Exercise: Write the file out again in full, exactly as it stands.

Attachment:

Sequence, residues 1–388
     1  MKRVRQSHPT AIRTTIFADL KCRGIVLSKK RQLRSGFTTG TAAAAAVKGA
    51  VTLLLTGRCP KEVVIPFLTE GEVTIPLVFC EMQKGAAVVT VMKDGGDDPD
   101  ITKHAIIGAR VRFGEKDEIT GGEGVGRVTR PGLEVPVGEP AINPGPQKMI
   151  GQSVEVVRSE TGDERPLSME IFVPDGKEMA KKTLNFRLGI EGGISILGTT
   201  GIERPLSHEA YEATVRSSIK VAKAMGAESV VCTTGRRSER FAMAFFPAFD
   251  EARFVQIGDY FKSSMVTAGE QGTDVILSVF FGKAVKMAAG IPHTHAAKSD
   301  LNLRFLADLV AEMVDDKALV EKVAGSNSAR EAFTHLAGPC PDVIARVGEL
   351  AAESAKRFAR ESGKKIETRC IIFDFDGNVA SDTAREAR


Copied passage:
Sequence, residues 1–388
     1  MKRVRQSHPT AIRTTIFADL KCRGIVLSKK RQLRSGFTTG TAAAAAVKGA
    51  VTLLLTGRCP KEVVIPFLTE GEVTIPLVFC EMQKGAAVVT VMKDGGDDPD
   101  ITKHAIIGAR VRFGEKDEIT GGEGVGRVTR PGLEVPVGEP AINPGPQKMI
   151  GQSVEVVRSE TGDERPLSME IFVPDGKEMA KKTLNFRLGI EGGISILGTT
   201  GIERPLSHEA YEATVRSSIK VAKAMGAESV VCTTGRRSER FAMAFFPAFD
   251  EARFVQIGDY FKSSMVTAGE QGTDVILSVF FGKAVKMAAG IPHTHAAKSD
   301  LNLRFLADLV AEMVDDKALV EKVAGSNSAR EAFTHLAGPC PDVIARVGEL
   351  AAESAKRFAR ESGKKIETRC IIFDFDGNVA SDTAREAR